Monday, December 29, 2014

Shoobies will do anything for sushi

Shoobies will do anything for sushi

It sounds like She Sells Seashells by the Seashore, but it's true. Shoobies will do anything for sushi. I watched last weekend from a sidewalk table outside the great neighborhood sushi joint Yama in Ventnor as patrons emerged from inside the darkened restaurant, where power had been cut off to the kitchen and most of the dining room, but the sushi chefs persevered. No air conditioning, and a bit packed in the dark, but the sushi was being made, and nobody was going anywhere. Seemed a wee bit desperate, but, also, realistic. Where else to go on a typically overrun Friday night on the island? Some people emerged calling it romantic, others looked a little, well, shell shocked, and the snobby shoobies poked their heads inside and fled. From the outdoor table (no room inside), it seemed a little surreal. I liked how the waitiress took our entire order, then said, matter of factly, "There's no power in the kitchen." No tofu teriyaki for you! And no wonder the kitchen chef seemed on extended break out the side door. But they are pros at Yama and we had an excellent dinner for 10, lots of sushi, and, somehow, shumai. If it's Friday in summer, restaurants are going to make due no matter what. Bravo to Yama, which is mentioned favorably in Craig Laban's annual restaurant roundup at the shore, in relation to its newest neighbor Kitaro, which oddly served us little cups of balsamic vinegar with our takeout sushi the week before. Laban liked their cooked dishes the most, leaving Yama the sultans of seaside sushi. In any case, I'm sorry Craig never got to Isabella's at Night, the excellent and authentic Mexican place on Portland Avenue in Ventnor which I humbly recommend, but I've already snagged my Labor Day weekend reservations at Luke Palladino's in Northfield.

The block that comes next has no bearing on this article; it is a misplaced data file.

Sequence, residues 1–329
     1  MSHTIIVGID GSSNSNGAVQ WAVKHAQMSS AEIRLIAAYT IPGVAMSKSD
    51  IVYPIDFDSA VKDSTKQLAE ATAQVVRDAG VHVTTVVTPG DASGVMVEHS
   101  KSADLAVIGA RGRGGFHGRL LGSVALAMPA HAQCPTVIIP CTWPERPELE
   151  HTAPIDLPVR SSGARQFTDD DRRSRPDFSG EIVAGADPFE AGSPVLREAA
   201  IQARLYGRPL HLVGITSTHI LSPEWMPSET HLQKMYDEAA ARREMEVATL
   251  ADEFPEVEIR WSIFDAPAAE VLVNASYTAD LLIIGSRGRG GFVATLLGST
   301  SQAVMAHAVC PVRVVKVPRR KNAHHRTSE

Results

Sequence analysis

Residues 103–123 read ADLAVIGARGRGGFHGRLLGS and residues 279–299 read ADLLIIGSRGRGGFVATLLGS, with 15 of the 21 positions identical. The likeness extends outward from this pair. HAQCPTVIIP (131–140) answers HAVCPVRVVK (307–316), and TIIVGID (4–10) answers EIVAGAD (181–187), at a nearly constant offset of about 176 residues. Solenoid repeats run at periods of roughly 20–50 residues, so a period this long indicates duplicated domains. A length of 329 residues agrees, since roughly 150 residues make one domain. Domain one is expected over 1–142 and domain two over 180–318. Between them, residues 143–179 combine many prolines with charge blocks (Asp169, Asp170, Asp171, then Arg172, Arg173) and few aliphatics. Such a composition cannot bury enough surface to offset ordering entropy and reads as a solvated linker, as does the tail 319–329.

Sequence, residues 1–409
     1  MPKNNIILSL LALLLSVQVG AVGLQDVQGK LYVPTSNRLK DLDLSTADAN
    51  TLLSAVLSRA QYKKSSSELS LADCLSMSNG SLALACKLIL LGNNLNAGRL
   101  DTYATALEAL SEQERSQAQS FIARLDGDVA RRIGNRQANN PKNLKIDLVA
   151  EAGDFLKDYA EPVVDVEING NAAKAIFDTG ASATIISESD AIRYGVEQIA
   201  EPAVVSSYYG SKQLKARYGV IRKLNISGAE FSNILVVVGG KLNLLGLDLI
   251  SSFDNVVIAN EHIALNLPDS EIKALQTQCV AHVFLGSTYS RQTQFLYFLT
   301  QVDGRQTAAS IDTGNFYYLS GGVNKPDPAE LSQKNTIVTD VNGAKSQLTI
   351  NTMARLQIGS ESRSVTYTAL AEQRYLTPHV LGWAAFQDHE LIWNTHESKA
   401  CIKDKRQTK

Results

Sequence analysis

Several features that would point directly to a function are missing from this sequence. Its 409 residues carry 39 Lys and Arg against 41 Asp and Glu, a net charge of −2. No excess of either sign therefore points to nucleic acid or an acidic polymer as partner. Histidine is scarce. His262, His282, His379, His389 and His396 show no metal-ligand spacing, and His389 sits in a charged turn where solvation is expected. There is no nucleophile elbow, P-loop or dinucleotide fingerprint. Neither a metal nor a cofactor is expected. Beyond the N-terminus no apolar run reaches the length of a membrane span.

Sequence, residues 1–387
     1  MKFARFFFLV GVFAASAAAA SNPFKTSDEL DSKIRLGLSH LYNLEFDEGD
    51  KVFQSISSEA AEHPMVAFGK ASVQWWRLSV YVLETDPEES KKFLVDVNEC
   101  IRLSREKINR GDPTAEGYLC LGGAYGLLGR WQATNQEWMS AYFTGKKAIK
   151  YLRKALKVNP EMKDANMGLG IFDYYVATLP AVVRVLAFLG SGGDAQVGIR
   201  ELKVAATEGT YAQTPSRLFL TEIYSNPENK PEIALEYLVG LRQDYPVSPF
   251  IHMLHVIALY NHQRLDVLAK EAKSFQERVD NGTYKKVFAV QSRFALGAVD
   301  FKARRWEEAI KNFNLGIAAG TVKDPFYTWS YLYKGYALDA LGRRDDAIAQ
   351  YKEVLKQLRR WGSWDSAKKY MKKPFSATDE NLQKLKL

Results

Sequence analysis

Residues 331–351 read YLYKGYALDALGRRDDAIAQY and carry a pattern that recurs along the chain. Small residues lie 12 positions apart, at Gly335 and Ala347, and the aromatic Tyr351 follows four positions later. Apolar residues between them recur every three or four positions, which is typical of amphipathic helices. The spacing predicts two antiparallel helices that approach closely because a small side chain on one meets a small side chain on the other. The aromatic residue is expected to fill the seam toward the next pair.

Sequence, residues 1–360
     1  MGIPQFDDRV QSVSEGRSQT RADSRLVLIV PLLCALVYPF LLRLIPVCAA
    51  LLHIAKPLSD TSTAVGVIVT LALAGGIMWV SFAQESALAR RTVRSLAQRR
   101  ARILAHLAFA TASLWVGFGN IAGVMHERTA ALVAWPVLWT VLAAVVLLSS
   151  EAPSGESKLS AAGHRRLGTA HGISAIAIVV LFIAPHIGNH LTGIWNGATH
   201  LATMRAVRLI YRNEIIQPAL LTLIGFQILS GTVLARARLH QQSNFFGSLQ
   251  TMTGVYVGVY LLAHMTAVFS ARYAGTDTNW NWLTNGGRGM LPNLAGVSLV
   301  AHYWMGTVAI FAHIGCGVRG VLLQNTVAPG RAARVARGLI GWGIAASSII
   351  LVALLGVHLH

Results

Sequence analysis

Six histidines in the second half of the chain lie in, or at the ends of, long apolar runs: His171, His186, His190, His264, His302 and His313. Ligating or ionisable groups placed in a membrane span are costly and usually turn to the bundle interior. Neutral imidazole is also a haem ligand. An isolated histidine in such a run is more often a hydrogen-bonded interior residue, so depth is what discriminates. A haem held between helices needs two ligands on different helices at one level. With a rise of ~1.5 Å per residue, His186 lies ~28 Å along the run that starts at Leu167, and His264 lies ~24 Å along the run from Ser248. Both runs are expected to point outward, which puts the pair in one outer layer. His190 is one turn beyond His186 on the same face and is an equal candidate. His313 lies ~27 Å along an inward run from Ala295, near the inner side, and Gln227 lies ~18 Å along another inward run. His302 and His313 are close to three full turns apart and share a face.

About this blog

Inquirer staff writer Amy S. Rosenberg has covered Philly police, city neighborhoods, Ed Rendell as mayor, the Jersey shore, Atlantic City, Miss America and the psychology of Eagles fans. She moved to Ventnor on July 3, 1995, which makes her a local, but not really.

Inquirer Staff Writer Jacqueline L. Urgo has spent every summer of her life at the Jersey Shore, and has lived there year-round for nearly 30 years, even fulfilling one of her bucket list dreams by once living in a house by the sea.

Since 1990, she has covered the waterfront for The Inquirer — from the Atlantic to the Delaware Bay shore — and some of the mainland in between. Along the way, she amassed an encyclopedic knowledge of this tear-it-down-and-build-it-back-up region, delving into the history and the hype of a place with a lot of unexpected stories to tell.

Amy S. Rosenberg
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